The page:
Anti-immigrant rallies in Germany have been building in recent weeks, peaking Monday night in the city of Dresden where tens of thousands of people turned out to demonstrate against what they call the ‘Islamization’ of the West. Germany has offered asylum to more Syrian refugees than any other country, and this appears to have set off the protests. Henry Ridgwell reports from London.
Video

Video Aceh Rebuilt Decade After Tsunami, But Scars Remain

On December 26, 2004 there was an earthquake in the Indian Ocean so powerful it caused the Earth’s axis to wobble a few centimeters. Onshore on the island of Sumatra, the resulting tsunami was devastating. A decade later, VOA Correspondent Steve Herman reports from Banda Aceh, Indonesia, where although there is little remaining evidence of the physical devastation, the psychological scars among survivors remain.
Video

Video Refugees Living in Kenya Long for Peace in the Home Countries

Kenya is host to numerous refugees seeking safe haven from conflict. Immigrants from Somalia face challenges in their new lives in Kenya. Ahead of International Migrants Day (December 18) Lenny Ruvaga has more for VOA News from the Kenyan capital.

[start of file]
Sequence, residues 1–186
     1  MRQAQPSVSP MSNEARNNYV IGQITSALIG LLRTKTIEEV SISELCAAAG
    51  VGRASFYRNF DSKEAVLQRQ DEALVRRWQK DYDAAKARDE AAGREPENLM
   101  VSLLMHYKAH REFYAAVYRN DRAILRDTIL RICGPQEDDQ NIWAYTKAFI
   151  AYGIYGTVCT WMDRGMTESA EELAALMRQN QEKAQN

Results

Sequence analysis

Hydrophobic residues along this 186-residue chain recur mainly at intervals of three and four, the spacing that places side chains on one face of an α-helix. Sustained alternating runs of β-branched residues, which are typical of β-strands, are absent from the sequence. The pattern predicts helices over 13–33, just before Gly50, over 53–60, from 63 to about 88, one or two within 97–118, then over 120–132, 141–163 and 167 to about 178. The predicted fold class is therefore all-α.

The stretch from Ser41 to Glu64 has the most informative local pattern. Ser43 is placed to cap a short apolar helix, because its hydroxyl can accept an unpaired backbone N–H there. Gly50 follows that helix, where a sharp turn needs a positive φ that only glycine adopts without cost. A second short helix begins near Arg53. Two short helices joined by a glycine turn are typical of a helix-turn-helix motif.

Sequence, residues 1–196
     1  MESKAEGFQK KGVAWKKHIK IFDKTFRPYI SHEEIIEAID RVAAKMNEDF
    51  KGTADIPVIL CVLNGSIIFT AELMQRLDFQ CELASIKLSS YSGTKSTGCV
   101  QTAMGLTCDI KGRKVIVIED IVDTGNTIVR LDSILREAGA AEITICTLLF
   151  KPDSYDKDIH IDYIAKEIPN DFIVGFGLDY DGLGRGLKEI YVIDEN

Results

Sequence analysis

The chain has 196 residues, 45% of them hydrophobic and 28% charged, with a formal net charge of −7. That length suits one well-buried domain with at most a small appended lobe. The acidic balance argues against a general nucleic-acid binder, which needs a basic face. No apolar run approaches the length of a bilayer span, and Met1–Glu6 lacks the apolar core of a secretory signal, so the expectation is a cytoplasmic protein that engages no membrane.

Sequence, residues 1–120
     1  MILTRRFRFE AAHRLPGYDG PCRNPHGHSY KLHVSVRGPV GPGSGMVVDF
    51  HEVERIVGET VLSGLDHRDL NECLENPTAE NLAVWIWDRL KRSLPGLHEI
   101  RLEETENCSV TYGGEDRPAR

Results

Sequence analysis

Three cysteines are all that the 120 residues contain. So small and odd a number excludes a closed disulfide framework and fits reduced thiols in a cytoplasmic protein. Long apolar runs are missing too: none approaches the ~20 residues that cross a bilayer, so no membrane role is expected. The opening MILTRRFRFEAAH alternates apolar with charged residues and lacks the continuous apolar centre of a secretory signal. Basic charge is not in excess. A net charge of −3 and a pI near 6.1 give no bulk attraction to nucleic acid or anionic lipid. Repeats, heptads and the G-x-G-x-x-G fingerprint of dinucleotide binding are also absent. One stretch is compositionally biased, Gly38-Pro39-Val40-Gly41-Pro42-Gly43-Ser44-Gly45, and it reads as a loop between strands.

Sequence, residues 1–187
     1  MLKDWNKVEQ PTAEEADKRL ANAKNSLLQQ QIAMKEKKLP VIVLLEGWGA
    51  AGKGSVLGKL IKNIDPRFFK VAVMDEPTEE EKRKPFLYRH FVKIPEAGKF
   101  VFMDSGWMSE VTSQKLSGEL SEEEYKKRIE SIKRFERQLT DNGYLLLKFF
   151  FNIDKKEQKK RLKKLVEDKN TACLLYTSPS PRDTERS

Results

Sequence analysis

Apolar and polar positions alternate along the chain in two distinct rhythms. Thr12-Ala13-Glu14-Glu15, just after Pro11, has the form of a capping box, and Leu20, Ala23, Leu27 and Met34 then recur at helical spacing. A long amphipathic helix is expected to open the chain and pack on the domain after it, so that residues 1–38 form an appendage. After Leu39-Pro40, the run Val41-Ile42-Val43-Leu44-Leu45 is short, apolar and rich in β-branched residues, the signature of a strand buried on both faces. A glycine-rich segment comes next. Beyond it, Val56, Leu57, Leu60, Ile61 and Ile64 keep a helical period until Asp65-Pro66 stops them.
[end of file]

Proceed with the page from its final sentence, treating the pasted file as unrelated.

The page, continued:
Video

Video Turkey's Authoritarianism Dismays Western Allies

The Turkish government has been defiant in the face of criticism at home and abroad for its raids targeting opposition media. The European Union on Monday expressed dismay after President Recep Tayyip Erdogan lashed out at Brussels for criticizing his government's action. Turkey's bid to be considered for EU membership has been on hold while critics accuse the NATO ally of increasingly authoritarian rule. Zlatica Hoke reports.

All About America

AppleAndroid